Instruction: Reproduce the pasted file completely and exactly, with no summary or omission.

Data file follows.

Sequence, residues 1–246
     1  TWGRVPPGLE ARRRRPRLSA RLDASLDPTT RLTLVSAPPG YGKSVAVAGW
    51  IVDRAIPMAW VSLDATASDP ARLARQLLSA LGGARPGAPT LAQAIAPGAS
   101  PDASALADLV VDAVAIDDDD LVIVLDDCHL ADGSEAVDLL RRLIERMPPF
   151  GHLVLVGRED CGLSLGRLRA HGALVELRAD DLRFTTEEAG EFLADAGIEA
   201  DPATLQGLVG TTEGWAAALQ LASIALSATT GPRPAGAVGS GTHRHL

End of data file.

Sequence, residues 1–246
     1  TWGRVPPGLE ARRRRPRLSA RLDASLDPTT RLTLVSAPPG YGKSVAVAGW
    51  IVDRAIPMAW VSLDATASDP ARLARQLLSA LGGARPGAPT LAQAIAPGAS
   101  PDASALADLV VDAVAIDDDD LVIVLDDCHL ADGSEAVDLL RRLIERMPPF
   151  GHLVLVGRED CGLSLGRLRA HGALVELRAD DLRFTTEEAG EFLADAGIEA
   201  DPATLQGLVG TTEGWAAALQ LASIALSATT GPRPAGAVGS GTHRHL